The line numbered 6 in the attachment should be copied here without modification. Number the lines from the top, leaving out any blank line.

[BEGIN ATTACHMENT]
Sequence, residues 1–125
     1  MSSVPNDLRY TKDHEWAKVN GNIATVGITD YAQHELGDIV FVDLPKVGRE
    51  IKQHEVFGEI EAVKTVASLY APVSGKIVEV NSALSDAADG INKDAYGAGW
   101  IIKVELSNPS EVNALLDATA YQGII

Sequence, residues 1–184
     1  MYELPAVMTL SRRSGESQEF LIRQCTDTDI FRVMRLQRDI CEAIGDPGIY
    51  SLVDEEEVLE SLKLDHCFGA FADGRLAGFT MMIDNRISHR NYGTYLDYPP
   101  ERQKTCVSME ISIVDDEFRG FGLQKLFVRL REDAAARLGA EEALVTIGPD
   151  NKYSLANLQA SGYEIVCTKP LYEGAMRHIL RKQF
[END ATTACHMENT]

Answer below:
     1  MYELPAVMTL SRRSGESQEF LIRQCTDTDI FRVMRLQRDI CEAIGDPGIY